The strategies that Jeha and her colleagues used to successfully get Syrian refugee children access to cancer care are echoed in the ways that St. Jude Global is currently helping Ukrainian children.


The St. Jude Global Alliance is built around regional programs around the world.

The St. Jude Global Alliance is built around regional programs around the world.

The Global Alliance in Eurasia


St. Jude Global is organized around regional networks, which form the St. Jude Global Alliance. The alliance takes a multilevel approach to developing regional, national and hospital-based initiatives centered on its member partners across seven regions and a growing number of cross-regional programs to ensure the advancement of care around the globe.


The regional programs are: Asia Pacific, Central and South America, China, Eastern Mediterranean, Eurasia, Mexico and Sub-Saharan Africa. The Eurasia region includes institutions in 15 countries: Ukraine, Belarus, Poland, Serbia, Romania, Moldova, Armenia, Azerbaijan, Turkmenistan, Uzbekistan, Tajikistan, Kyrgyzstan, Mongolia, Kazakhstan and Russia.


As such, the Eurasia Program, which is led at St. Jude by Asya Agulnik, MD, MPH, already had a presence in Ukraine when it was invaded by Russia. Agulnik is also leader of the St. Jude Global Critical Care Program. Immediately following the invasion, Agulnik and her colleagues launched SAFER Ukraine, a humanitarian effort to provide safe passage for childhood cancer patients and their families out of the war zone.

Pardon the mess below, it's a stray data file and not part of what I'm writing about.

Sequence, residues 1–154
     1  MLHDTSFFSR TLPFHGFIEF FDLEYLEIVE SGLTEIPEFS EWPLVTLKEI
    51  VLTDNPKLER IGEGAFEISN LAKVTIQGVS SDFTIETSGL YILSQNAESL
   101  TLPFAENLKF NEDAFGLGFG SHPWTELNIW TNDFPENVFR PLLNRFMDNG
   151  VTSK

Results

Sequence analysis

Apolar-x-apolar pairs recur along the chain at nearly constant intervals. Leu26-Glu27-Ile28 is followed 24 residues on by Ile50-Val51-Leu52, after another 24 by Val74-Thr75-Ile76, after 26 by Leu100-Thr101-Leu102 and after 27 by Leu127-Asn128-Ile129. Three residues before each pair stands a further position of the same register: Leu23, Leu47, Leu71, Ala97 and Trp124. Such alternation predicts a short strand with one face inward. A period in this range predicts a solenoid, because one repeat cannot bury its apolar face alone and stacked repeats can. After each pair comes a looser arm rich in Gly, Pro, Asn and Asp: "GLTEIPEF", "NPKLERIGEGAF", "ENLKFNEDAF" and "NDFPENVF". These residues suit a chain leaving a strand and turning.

“We are living up to the founding mission of St. Jude that no child should die in the dawn of life. Nothing is going to get in the way of achieving that mission, not even war,” Agulnik said. “One of the most impressive things I’ve seen is the coming together of the international community who are really affected by the humanity of this work and the need of these children.”


Nimble in a crisis